|Who is it?||Biochemist|
|Birth Day||July 31, 1918|
|Birth Place||Provo, Utah, United States, United States|
|Age||102 YEARS OLD|
|Alma mater||Brigham Young University (B.S. 1939) University of Wisconsin–Madison (M.S. 1941, Ph.D. 1943)|
|Known for||Researching adenosine triphosphate Editor of The Enzymes (1971-90)|
|Awards||Pfizer Award in Enzyme Chemistry (1955) Guggenheim Fellow (1955) Tolman Award (1981) Nobel Prize (1997) Seaborg Medal (1998)|
|Fields||Chemistry Biochemistry Molecular biology|
|Institutions||Stanford University (1943-45) University of Minnesota (St. Paul, 1945-46) University of Minnesota (Minneapolis, 1956-63) UCLA (1963-90) UCLA Molecular Biology Institute (1965-83) UC Program for Research and Training in Biotechnology (1985-89)|
Boyer was born in Provo, Utah. He grew up in a nonpracticing Mormon family. He attended Provo High School, where he was active in student government and the debating team. He received a B.S. in chemistry from Brigham Young University in 1939 and obtained a Wisconsin Alumni Research Foundation Scholarship for graduate studies. Five days before leaving for Wisconsin, Paul married Lyda Whicker. They remain married and have three children: Gail B. Hayes, Alexandra Boyer and Dr. Douglas Boyer; and eight grandchildren: Imran Clark, Mashuri Clark, Rashid Clark, Djahari Clark, Faisal Clark, Lisa A. Hayes, Leah Boyer and Josh Boyer.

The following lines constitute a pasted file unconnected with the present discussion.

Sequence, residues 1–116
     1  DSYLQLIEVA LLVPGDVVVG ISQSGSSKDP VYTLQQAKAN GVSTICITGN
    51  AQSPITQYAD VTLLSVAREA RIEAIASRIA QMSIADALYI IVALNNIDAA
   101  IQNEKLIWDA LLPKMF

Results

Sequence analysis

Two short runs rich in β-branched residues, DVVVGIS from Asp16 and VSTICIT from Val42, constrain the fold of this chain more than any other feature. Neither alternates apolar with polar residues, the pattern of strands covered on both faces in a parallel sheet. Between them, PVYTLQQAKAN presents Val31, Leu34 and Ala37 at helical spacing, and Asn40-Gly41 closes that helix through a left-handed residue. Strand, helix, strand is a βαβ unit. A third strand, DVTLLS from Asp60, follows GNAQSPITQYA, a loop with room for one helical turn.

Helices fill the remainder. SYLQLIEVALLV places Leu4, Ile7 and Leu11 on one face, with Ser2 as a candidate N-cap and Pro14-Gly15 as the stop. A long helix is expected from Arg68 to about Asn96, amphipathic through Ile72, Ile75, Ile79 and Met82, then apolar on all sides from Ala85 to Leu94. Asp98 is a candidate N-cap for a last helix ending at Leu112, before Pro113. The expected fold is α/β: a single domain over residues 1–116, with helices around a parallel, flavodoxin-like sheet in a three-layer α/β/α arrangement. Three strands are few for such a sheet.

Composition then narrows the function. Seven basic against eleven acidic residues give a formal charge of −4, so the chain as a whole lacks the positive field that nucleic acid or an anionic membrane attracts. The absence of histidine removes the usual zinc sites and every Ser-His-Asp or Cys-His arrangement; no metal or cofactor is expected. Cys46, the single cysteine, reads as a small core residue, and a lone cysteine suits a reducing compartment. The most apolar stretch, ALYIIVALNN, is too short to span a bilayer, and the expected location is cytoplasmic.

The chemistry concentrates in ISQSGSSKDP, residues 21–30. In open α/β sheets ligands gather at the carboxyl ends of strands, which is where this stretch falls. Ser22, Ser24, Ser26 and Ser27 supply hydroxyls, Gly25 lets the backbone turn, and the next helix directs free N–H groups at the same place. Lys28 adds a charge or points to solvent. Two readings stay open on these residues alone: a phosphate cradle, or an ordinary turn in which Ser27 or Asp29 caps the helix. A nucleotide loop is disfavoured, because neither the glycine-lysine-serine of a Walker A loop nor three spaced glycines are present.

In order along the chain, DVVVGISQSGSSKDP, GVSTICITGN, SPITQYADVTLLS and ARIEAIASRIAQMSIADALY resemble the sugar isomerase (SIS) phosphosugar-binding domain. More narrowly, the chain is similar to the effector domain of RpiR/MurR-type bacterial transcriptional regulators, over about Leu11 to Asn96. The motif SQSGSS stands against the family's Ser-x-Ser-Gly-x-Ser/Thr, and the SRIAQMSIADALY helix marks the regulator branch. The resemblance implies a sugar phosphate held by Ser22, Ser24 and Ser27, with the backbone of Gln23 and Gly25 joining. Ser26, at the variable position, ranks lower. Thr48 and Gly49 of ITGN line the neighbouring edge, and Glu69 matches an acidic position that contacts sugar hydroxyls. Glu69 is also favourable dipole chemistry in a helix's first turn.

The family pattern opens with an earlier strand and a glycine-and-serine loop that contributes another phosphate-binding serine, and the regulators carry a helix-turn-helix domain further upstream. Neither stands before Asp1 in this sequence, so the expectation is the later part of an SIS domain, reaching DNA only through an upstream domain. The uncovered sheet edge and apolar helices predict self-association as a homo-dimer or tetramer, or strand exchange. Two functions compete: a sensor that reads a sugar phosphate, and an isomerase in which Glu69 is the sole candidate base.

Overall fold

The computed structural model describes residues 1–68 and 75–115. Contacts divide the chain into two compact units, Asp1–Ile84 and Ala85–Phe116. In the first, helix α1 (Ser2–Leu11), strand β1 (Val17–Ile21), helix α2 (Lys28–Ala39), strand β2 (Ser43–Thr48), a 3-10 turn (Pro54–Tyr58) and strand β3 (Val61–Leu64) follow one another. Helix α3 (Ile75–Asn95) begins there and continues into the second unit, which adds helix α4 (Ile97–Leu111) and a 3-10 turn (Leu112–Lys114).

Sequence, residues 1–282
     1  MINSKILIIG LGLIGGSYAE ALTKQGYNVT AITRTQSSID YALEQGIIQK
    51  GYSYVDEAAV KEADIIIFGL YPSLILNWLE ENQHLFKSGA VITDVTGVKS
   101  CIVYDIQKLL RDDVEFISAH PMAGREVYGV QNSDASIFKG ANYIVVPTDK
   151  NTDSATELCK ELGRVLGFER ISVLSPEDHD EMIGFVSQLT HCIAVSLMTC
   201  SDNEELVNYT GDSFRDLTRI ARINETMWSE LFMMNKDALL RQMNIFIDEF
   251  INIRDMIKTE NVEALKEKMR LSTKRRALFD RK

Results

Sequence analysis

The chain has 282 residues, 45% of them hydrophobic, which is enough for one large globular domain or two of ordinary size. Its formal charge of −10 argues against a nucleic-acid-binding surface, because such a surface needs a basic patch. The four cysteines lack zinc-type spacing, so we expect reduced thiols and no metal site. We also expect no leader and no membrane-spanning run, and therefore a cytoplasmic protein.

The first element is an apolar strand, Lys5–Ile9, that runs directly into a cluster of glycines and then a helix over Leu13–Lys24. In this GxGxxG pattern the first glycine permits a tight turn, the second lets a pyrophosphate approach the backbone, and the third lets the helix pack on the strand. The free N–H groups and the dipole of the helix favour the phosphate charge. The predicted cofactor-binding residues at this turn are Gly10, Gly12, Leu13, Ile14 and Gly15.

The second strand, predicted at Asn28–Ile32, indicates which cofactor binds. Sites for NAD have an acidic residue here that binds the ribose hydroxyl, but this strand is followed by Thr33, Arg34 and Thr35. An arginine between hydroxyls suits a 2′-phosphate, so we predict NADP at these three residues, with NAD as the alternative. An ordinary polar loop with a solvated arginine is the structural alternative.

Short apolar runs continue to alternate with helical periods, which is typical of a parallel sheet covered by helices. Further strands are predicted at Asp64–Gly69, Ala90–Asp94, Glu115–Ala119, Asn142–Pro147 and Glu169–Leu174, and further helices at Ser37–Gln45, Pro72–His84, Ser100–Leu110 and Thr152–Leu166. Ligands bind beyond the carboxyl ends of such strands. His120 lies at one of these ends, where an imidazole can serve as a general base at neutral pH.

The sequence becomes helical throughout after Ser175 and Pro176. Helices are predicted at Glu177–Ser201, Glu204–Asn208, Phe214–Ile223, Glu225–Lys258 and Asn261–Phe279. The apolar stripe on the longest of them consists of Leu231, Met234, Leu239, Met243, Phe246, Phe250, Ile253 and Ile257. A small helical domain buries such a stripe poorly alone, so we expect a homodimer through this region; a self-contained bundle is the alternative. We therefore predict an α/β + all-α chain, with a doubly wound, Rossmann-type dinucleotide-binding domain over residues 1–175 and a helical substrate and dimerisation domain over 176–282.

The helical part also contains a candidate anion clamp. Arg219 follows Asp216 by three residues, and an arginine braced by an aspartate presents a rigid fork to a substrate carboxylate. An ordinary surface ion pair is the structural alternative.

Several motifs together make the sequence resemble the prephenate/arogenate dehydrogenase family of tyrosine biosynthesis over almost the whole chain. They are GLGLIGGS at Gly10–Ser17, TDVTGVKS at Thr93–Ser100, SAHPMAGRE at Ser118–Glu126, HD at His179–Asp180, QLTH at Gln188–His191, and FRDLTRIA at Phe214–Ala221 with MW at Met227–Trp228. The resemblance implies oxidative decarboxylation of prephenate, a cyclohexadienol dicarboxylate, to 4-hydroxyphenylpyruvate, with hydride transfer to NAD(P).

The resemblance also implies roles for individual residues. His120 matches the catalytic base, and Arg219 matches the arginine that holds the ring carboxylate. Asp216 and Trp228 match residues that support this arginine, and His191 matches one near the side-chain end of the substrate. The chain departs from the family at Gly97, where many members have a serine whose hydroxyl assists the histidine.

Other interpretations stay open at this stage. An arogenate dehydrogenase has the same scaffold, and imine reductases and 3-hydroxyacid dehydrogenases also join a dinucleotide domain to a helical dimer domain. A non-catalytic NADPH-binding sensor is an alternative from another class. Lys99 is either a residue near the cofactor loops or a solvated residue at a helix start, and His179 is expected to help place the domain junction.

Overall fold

Paul Boyer was Editor or Associate Editor of the Annual Review of Biochemistry from 1963-1989. He was Editor of the classic series, "The Enzymes". In 1981, he was Faculty Research Lecturer at UCLA. In that same year, he was awarded the prestigious Tolman Medal by the Southern California Section of the American Chemical Society.
Though the Boyers connected with the Mormon community in Wisconsin, they considered themselves "on the wayward fringe" and doubted the doctrinal claims of The Church of Jesus Christ of Latter-day Saints (LDS Church). After experimenting with Unitarianism, Boyer eventually became an atheist. In 2003 he was one of 22 Nobel Laureates who signed the Humanist Manifesto.
After Boyer received his Ph.D. degree in biochemistry from the University of Wisconsin–Madison in 1943, he spent years at Stanford University on a war-related research project dedicated to stabilization of serum albumin for transfusions. He began his independent research career at the University of Minnesota and introduced kinetic, isotopic, and chemical methods for investigating enzyme mechanisms. In 1955, he received a Guggenheim Fellowship and worked with Professor Hugo Theorell on the mechanism of alcohol dehydrogenase. In 1956, he accepted a Hill Foundation Professorship and moved to the medical campus of the University of Minnesota. In 1959-1960, he served as Chairman of the Biochemistry Section of the American Chemical Society (ACS) and in 1969-1970 as President of the American Society of Biological Chemists.